In the wake of Donald Trump's electoral victory, photographer Gregory Eddi Jones embarked on a new series using the classic novel Flowers For Algernon as a symbol for the president's unexpected normalization. The story focuses on an intellectually disabled man who undergoes surgery to triple his IQ, only to revert back to his original condition by the end of the book. Using found images, many related to the 2016 election, Jones creates floral collages that parallel the story's central arc with the country's shift towards Trumpism. While Jones' convictions are unavoidable, his tools extend beyond didacticism, nodding equally to the history of still life as they do to his political intents. We found Jones' work, while in progress, incredibly timely and reached out to learn more.
In the 1980's and 1990's, New York City was home to growing social unrest over issues ranging from the city's rapidly gentrifying landscape, police brutality and strained race relations, to international conflicts like the war in Iraq. During this period, countless photographers captured its spirit of protest: moments of violent confrontation like the Tompkins Square Park and Crown Heights riots, as well as the more sanctioned, organized demonstrations, instances of non-violent civil disobedience and elaborate, often-costumed street theatre. Meg Handler, former photo editor of The Village Voice, historian Tamar Carroll, and Michael Kamber, founder of the Bronx Documentary Center recently curated Whose Streets? Our Street! New York City: 1980-2000, an exhibition at the Bronx Documentary Center up through March 5, 2017, which includes the work of more than thirty-eight photojournalists who covered protest in NYC between 1980 and 2000. I spoke with Handler and Carroll to learn more about the exhibition and its increasing relevance today.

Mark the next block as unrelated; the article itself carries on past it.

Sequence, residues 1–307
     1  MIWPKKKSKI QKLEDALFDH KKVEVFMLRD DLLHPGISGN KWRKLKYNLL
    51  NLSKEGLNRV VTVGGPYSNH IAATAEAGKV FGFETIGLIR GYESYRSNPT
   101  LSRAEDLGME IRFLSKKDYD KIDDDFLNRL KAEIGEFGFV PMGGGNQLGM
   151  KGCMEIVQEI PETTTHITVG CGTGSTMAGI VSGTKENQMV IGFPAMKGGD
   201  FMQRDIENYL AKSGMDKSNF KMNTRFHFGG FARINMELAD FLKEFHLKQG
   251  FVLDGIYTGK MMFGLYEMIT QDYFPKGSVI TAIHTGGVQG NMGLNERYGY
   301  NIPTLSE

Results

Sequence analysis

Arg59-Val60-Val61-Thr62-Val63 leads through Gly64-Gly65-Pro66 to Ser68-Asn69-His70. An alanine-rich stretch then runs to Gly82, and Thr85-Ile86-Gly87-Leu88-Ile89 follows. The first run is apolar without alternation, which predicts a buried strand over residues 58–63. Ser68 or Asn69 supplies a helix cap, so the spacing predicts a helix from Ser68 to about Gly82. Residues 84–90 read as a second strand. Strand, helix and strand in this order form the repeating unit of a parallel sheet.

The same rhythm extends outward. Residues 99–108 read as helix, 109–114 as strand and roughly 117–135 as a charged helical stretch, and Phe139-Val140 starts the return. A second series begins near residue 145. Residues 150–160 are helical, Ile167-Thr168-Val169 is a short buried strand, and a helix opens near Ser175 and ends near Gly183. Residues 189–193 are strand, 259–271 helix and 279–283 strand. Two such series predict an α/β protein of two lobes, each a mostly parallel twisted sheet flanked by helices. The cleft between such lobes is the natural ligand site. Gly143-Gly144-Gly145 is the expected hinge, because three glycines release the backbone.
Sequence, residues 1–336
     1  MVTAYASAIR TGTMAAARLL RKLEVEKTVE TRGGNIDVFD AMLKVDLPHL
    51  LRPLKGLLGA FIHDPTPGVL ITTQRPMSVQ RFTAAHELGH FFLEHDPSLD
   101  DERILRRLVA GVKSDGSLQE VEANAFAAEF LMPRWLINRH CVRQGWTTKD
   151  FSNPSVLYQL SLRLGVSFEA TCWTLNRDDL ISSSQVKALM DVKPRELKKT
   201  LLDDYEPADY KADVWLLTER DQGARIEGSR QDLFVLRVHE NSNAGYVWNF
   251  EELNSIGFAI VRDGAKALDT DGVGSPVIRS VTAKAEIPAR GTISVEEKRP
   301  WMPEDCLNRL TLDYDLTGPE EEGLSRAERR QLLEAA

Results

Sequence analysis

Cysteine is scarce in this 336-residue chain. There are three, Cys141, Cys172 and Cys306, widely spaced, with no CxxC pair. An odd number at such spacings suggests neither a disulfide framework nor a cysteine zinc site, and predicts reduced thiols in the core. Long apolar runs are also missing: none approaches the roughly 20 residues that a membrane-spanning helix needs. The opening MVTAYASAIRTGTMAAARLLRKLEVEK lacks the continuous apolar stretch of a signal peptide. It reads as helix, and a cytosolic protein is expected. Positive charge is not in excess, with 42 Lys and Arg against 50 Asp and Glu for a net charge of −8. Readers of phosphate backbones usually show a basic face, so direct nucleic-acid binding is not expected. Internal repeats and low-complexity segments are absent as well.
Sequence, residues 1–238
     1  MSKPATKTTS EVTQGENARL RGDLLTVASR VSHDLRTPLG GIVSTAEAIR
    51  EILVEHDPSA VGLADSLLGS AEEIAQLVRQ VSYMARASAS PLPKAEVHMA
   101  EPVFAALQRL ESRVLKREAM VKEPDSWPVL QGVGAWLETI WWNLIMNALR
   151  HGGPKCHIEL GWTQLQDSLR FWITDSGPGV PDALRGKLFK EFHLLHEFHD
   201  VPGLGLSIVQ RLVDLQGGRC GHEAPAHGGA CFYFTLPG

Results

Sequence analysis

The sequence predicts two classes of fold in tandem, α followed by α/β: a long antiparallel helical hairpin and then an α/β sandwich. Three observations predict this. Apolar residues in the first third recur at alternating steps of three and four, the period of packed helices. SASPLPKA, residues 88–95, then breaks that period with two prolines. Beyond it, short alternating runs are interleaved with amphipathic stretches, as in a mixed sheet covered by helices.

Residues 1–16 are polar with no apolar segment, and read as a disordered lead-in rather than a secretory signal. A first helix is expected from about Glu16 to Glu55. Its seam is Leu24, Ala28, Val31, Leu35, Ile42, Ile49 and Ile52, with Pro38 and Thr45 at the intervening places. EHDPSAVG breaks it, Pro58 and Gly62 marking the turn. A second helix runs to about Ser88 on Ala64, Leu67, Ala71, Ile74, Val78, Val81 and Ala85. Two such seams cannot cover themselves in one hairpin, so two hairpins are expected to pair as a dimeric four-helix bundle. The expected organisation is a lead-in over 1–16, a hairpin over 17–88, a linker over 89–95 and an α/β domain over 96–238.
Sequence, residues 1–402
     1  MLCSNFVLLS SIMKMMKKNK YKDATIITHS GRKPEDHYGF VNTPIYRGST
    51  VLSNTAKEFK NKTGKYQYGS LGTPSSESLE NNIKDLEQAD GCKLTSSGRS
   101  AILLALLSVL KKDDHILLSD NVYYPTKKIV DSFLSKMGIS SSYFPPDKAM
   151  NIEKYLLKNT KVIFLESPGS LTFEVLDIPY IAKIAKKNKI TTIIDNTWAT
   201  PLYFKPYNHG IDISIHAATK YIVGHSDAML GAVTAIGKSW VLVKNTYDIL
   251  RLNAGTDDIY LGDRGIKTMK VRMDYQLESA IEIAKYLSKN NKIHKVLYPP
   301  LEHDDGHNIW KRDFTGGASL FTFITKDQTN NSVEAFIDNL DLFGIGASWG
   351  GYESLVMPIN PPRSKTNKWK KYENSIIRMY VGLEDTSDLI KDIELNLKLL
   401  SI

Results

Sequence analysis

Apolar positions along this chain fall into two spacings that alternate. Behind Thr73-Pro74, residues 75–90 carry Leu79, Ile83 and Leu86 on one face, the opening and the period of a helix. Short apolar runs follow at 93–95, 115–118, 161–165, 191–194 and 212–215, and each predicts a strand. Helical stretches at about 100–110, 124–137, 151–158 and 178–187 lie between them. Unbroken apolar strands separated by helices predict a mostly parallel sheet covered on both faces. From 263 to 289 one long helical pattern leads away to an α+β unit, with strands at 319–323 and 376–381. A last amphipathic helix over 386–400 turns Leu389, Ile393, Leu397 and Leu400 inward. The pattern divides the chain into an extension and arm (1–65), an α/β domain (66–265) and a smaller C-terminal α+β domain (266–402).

2016 has been a crazy year. From a tumultuous US presidential election, to celebrity deaths and political unrest around the world, we're ready, though somewhat scared, to move into the New Year. In these uncertain times, photography keeps us image-obsessed nerds going more than almost anything. Admittedly, aside from the onslaught of new photobooks, blogs (yes, blogging's not dead), and studio visits, Instagram continues to be one of our go-to sources for visual inspiration. So behold: 18 of our favorite photographers we've featured on our Instagram over the past few months. Do them a favor and follow them now. XOXO, and Happy New Year!
As we approach the holidays under a 2016 election cloud, there's talk of leaving, of escape, of anxiety over political family conflicts. For Democrats and Progressives, the ongoing joke in any election has been flight or permanent vacation to Canada, but we're probably not going anywhere soon. But how about outer space? There perhaps is no better way to enjoy this time of year than to get on a rocket or some sort of spaceship bound for another galaxy. Robert E. Jackson's growing collection of more than ten thousand snapshots contains dozens of absurdly outer space-themed vintage Christmas cards that have nothing, and yet somehow everything to do with the holidays. Like the Jaeger family, who superimposed themselves (along with their family dog), in front of a NASA photograph of the moon, all the while wishing peace on earth with the coming of Christ. Or a man named Asher D. Havenhill offering "Season's Greetings" through his telescope. These cards share a peculiar, yet heartwarming sense of holiday cheer, a brief and otherworldly pause as we approach the new year. Now if only we could find some intergalactic Kwanzaa or Chanukah cards, we'd all truly be at peace. See more of Jackson's collection by following him on Instagram.
In today's image-saturated-everything, truly unforgettable images, those that slow us down enough to interrupt our day to day are increasingly difficult to surface from the rough. The Billboard Creative aims to change that. Founded in 2012, the project connects artists with mass audiences by displaying their images on billboards in some of Los Angeles' most heavily trafficked intersections for an entire month. In 2015, they turned LA into what they described as an "open air gallery" with forty-five works ranging from established artists like Ed Rusha, to emerging artists like Shannon Rose. This year's exhibition, up through the beginning of January 2017, is curated by artist Mona Kuhn, and continues TBC's tradition with 45 artists of varying disciplines. We interviewed Kuhn to learn more about the project and her curatorial process, and we've included some of our photography-based highlights below.